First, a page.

DMRF Canada Funding Grants That Support Better Clinical Treatments for Dystonia Patients

DMRF Canada is thrilled to announce support of the research project: “Mechanisms of Action of DBS for Dystonia: Cholinergic Contributions to Plasticity.” By Drs. Zelma Kiss and Davide Martino at Departments of Clinical Neurosciences, Hotchkiss Brain Institute, University of Calgary. DMRF Canada has committed to fund this grant, valued at $50,000 as one of two ‘Better Clinical Treatment Grants’ supported this year.

This project will strive to understand how Deep Brain Stimulation (DBS) works in dystonia, to set the stage to improve stimulation with future closed loop control and/or in combination with other therapies to improve patients’ quality of life.

“DMRF Canada is thrilled to be able to support this exciting research project, that strongly aligns with our goal to make life better for dystonia patients in the near term, while continuing our mission to find a cure. And we’re incredibly proud to be able to support this type of research here in Canada.” said  DMRF Canada Executive Director, Stefanie Ince.

Dr Kiss and her research team theorize that subjects with specific oscillation patterns in their basal ganglia, evidence of motor cortical plasticity and higher cholinergic tone will have more improvement in their dystonic features than people with fewer of these features. This is a pilot study exploring potential physiological biomarkers of response. Determining the oscillation patterns occurring during dystonic movements could provide the signal for closed loop control of DBS, similar to what has been accomplished in Parkinson’s disease.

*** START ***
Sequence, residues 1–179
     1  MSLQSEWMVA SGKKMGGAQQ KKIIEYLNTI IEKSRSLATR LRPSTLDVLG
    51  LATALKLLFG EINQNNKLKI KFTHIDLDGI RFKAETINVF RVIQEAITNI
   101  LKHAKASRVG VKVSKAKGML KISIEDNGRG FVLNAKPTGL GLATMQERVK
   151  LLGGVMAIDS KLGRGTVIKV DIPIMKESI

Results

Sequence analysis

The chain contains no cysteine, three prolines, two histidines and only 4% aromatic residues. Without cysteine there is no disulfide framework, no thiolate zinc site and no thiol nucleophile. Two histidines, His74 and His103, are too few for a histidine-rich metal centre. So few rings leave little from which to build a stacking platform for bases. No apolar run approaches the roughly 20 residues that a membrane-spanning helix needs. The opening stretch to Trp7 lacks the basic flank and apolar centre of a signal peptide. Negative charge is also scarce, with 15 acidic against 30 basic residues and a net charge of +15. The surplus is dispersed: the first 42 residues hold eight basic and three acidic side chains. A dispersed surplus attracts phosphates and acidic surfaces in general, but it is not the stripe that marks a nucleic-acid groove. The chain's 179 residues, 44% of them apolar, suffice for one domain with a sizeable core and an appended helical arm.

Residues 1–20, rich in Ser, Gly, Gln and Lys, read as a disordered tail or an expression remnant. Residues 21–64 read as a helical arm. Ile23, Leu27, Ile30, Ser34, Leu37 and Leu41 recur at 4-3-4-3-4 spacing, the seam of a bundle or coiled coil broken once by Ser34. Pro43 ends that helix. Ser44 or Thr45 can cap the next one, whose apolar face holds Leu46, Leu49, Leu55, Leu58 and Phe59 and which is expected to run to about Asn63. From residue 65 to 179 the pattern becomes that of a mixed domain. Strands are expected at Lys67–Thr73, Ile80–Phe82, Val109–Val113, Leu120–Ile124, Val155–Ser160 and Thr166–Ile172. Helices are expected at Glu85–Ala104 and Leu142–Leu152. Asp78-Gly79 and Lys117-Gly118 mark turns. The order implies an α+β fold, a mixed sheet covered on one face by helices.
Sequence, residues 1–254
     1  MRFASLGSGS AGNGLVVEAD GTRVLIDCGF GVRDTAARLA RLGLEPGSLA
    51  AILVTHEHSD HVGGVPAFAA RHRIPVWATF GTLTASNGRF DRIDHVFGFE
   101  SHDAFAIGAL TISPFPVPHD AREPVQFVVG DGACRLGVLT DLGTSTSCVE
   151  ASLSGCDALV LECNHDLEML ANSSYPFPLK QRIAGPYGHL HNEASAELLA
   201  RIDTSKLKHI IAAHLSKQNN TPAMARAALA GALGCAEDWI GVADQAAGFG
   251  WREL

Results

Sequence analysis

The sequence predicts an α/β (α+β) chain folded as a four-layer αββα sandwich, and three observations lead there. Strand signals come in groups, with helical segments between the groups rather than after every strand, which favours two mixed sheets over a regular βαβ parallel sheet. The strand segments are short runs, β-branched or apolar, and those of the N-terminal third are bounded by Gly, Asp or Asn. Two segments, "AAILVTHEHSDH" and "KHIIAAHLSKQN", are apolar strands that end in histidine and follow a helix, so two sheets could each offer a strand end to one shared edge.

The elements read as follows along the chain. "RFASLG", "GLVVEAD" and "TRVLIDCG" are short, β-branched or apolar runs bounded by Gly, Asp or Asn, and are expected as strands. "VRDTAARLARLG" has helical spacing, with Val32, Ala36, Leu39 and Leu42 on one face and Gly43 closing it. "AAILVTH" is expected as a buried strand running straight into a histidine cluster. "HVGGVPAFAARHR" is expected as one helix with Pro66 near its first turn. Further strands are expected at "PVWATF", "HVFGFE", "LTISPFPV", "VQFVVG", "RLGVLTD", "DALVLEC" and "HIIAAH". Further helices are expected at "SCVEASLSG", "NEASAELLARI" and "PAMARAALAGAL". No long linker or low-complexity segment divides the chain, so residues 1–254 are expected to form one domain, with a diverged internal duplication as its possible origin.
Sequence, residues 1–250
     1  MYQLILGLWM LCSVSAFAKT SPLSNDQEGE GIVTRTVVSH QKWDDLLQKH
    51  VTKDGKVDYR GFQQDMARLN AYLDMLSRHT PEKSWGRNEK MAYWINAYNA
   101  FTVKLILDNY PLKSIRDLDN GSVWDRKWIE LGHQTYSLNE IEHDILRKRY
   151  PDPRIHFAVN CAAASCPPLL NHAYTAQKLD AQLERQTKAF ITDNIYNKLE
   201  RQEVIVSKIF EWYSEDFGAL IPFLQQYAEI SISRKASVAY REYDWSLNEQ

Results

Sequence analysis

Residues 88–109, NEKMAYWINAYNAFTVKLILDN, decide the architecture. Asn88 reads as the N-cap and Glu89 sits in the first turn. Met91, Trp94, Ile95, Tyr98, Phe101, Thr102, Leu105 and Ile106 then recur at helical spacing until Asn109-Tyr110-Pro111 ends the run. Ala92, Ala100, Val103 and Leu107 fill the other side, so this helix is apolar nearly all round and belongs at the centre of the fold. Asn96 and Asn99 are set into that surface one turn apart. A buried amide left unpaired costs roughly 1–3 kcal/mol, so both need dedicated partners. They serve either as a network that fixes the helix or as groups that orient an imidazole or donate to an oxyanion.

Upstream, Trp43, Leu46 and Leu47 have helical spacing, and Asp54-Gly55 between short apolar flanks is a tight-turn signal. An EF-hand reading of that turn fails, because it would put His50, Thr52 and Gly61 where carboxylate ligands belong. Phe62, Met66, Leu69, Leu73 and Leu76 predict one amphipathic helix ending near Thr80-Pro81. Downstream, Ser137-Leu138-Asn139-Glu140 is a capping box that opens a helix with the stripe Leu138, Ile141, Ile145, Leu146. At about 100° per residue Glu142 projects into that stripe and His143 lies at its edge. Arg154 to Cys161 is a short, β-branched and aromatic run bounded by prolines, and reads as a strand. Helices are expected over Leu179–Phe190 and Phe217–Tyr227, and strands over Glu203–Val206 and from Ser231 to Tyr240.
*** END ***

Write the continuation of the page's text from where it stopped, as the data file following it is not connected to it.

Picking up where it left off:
Dr. Kiss stated that “she is deeply appreciative to DMRF Canada and looks forward to extending her collaborations with Dr. Martino in dystonia to develop a mechanistic understanding of DBS. We anticipate that knowledge of how DBS works could be harnessed to interact with other therapies such as physical or pharmaceutical approaches, in addition to providing insights into the pathophysiology of dystonia.”

Funding will be released to Dr. Kiss and her team later this year, with a goal to have the project initiated in October 2019.

Dr. Kiss and her research team at the University of Calgary



Last update: Sep 2019